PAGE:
That row in Poland about my speechwriting support for former foreign Minister Radek Sikorski rumbles on inconclusively. See eg here (where they impertinently add a year to my age) and here. Excellent that Hungarians are following this saga with keen interest. And Czech that!

Here are some extended thoughts from me about how speechwriters help leaders address foreign audiences in their non-native language:

Foreign leaders aiming to make an impact through speeches delivered in English or any other non-native language have extra problems. First and foremost, getting the language precise. The speech needs to be cast in non-formal, non-pompous ‘conversational’  language. But beware those idioms and mixed metaphors.

Take Polish. It has a (for most of us) unpronounceable idiom meaning (variously) within arm’s reach or so close you can touch it: na wyciągnięcie ręki. In a metaphorical sense it denotes something very close, in a positive way. But one seemingly obvious idiomatic translation into English, “at arm’s length”, denotes exactly the opposite: you like it close, but not too close. It is all too easy to write a speech in Polish using that idiom that, when translated into English by someone with superb but non-native colloquial English, gets the meaning of a key sentence completely wrong. Result? Mess.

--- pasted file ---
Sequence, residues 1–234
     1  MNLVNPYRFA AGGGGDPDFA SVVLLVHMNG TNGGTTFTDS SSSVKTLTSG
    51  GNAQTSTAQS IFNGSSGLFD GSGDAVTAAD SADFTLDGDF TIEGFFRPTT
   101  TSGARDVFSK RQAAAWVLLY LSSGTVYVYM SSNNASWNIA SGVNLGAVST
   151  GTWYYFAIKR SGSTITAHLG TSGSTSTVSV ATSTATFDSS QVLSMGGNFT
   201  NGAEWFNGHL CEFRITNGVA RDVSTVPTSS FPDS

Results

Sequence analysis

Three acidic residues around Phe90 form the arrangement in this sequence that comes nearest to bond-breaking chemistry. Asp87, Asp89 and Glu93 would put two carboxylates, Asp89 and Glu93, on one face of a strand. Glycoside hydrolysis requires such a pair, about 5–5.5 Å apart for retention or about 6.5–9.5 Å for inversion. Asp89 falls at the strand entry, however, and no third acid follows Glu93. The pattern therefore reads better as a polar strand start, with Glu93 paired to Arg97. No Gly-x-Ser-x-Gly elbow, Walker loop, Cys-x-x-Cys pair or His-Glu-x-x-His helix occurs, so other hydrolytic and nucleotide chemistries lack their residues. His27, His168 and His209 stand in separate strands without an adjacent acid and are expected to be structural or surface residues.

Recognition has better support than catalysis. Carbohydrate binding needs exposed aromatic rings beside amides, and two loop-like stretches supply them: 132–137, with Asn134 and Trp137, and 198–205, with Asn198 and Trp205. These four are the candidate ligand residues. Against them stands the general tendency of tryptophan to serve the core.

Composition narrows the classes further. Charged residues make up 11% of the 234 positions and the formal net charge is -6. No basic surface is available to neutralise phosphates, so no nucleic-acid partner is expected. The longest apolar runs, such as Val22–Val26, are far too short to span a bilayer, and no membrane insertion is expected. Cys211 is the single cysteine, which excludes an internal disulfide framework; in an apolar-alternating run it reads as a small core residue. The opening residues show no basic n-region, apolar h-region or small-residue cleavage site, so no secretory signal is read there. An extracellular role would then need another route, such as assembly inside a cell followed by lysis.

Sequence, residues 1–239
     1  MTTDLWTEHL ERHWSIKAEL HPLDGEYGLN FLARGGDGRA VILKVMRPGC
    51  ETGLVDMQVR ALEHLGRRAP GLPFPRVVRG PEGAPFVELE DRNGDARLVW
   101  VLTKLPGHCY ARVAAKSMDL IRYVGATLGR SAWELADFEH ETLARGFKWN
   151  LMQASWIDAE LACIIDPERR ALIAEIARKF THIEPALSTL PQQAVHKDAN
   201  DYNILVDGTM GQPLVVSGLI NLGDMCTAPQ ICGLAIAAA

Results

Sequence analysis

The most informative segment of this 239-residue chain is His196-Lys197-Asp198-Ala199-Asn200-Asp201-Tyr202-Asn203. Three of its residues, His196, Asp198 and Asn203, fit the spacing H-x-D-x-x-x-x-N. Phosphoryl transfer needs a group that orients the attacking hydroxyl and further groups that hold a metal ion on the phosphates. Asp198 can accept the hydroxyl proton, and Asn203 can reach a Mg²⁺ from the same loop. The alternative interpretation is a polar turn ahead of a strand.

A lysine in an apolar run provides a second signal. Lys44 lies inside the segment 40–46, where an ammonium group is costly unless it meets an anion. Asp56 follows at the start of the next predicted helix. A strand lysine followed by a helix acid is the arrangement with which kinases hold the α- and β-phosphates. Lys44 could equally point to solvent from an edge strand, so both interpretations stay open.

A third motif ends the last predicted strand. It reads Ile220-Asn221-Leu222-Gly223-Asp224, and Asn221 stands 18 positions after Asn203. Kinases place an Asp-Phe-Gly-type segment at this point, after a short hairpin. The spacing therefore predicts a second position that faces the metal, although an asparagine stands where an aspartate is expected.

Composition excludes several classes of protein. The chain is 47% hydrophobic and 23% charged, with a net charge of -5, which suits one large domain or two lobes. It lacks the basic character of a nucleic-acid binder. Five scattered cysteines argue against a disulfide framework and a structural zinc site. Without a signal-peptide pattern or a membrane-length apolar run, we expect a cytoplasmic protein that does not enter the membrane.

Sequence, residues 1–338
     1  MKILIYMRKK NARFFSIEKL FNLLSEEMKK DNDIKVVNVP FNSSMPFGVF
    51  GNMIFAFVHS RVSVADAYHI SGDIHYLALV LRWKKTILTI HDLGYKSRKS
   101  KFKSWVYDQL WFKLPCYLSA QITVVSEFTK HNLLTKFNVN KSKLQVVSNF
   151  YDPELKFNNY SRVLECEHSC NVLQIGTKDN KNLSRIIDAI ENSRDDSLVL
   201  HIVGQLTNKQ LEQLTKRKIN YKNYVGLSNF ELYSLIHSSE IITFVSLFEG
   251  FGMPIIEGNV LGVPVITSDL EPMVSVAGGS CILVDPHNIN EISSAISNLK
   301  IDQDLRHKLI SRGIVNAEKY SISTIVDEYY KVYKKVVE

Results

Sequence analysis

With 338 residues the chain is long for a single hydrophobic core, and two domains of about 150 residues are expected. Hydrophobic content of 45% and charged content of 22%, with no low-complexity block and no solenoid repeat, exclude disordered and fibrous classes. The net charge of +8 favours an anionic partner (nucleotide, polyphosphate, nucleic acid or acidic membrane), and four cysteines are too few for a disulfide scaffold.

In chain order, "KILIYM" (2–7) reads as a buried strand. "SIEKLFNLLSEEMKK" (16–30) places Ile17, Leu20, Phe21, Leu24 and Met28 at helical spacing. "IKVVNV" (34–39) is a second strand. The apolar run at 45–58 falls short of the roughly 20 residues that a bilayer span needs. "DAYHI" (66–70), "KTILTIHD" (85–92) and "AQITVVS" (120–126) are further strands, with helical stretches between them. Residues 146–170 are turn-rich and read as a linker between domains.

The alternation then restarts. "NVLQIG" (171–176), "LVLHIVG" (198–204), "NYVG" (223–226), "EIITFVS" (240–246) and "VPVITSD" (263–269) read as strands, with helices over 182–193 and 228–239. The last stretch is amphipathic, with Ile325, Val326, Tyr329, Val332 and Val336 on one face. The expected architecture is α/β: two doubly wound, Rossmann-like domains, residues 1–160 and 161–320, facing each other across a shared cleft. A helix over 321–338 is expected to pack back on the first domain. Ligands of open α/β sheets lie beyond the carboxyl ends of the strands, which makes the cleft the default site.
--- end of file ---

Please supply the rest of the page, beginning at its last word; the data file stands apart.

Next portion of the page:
Similarly mixed metaphor horror©. This sentence may mean something in the original language (though I doubt it). Translated into English by someone who clearly has a more than fine grasp of English word and grammar, it makes the speaker sound like a lunatic:

We have to give the European Union credit for its effectiveness as a powerful conglomerate of various vectors and ambitions framed around a common lowest denominator which is generally grand enough to allow it to write scenarios for others worldwide